Carotid endarterectomy is surgery to remove plaque buildup in the carotid arteries. During a carotid endarterectomy:A small incision is made in the neck just below the level of the jaw. The narrowed carotid artery is exposed. The blood flow through the narrowed area may be temporarily rerouted (shunted). Rerouting is done by placing a tube in the vessel above and below the narrowing. Blood flows around the narrowed area during the surgery. The artery is opened and the plaque is carefully removed, often in one piece. A vein from the leg may be sewn (grafted) on the carotid artery to widen or repair the vessel.
Carotid endarterectomy (CEA) is a surgical procedure used to prevent stroke, by correcting stenosis in the common carotid artery. Endarterectomy is the removal of material on the inside of an artery.
Atherosclerosis causes plaque to form in the carotid arteries, usually at the fork where the common carotid artery divides into the internal and external carotid artery. The plaque can build up in the inner surface of the artery (lumen), and narrow or constrict the artery. Pieces of the plaque, called emboli, can break off (i. e. embolize) and travel up the internal carotid artery to the brain, where it blocks circulation, and can cause death of the brain tissue.
Sometimes the plaque causes symptoms first. The symptoms are temporary or transitory strokes, known as transient ischemic attacks (TIAs). By definition, TIAs last less than 24 hours; after 24 hours they are called strokes. Symptomatic stenosis has a high risk of stroke within the next 2 days. National Institute for Health and Clinical Excellence (NICE) guidelines recommend that patients with moderate to severe (50-99% blockage) stenosis, and symptoms, should have “urgent” endarterectomy within 2 weeks.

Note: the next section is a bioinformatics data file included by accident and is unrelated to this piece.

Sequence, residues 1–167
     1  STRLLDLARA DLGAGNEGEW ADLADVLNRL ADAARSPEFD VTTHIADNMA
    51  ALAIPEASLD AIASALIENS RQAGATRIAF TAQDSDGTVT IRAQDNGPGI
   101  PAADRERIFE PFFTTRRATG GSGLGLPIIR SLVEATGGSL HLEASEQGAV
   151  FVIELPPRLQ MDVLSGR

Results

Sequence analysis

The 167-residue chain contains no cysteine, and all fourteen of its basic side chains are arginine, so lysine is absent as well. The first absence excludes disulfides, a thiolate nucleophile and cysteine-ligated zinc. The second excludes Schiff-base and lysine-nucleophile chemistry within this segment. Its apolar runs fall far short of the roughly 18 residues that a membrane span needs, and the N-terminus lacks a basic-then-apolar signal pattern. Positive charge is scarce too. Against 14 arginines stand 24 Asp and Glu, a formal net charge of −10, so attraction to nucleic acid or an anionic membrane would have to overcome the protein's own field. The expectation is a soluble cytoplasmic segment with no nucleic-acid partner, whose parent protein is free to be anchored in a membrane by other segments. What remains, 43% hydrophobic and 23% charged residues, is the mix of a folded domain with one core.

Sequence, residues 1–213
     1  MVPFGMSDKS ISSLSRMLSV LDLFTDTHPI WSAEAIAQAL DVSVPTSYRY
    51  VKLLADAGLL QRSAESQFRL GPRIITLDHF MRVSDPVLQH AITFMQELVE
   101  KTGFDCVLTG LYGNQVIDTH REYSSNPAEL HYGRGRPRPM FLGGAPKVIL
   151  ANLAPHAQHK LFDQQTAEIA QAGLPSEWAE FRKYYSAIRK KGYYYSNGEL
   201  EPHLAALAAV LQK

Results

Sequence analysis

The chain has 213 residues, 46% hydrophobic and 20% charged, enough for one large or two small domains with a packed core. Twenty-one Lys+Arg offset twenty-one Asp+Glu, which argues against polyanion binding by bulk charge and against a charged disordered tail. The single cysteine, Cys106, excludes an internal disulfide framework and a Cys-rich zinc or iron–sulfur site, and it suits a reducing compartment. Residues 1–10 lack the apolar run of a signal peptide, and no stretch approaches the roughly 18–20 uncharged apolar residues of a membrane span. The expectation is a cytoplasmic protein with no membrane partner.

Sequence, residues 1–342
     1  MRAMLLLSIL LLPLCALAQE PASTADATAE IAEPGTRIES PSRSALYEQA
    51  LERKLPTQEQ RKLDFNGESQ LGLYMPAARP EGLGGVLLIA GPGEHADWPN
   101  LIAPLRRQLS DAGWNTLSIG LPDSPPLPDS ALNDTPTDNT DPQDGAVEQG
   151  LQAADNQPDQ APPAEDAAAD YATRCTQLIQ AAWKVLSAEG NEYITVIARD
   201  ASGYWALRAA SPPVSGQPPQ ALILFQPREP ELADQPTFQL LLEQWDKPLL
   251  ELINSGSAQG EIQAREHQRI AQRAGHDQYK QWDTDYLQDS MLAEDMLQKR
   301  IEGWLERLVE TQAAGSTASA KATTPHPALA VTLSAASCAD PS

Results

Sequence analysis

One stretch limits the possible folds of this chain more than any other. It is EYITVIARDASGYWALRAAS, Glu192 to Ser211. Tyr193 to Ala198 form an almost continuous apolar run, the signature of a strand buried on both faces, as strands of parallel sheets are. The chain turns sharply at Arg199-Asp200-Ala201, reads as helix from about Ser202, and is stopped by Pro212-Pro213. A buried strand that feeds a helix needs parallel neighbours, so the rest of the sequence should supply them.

When the plaque doesn’t cause symptoms, patients are still at higher risk of stroke than the general population, but not as high as patients
with symptomatic stenosis. The incidence of stroke, including fatal stroke, is 1-2% per year. The surgical mortality of endarterectomy ranges from 1-2% to as much as 10%. Two large randomized clinical trials have demonstrated that carotid surgery done with a 30 day stroke and death risk of 3% or less will benefit asymptomatic patients with ≥60% stenosis who are expected to live at least 5 years after surgery. Surgeons are divided over whether asymptomatic patients should be treated with medication alone or should have surgery.
In endarterectomy, the surgeon opens the artery and removes the plaque. A newer procedure, endovascular angioplasty and stenting, threads a catheter up from the groin, around the aortic arch, and up the carotid artery. The catheter uses a balloon to expand the artery, and inserts a stent to hold the artery open. In several clinical trials, the 30-day incidence of heart attack, stroke, or death was significantly higher with stenting than with endarterectomy (9.6% vs. 3.9%) The Carotid Revascularization Endarterectomy versus Stenting Trial (CREST) funded by the National Institutes of Health (NIH) reported that the results of stents and endarterectomy were comparable. However, the European International Carotid Stenting Study (ICSS) found that stents had almost double the rate of complications.
The internal, common and external carotid arteries are clamped, the lumen of the internal carotid artery is opened, and the atheromatous plaque substance removed. The artery is closed, hemostasis achieved, and the overlying layers closed.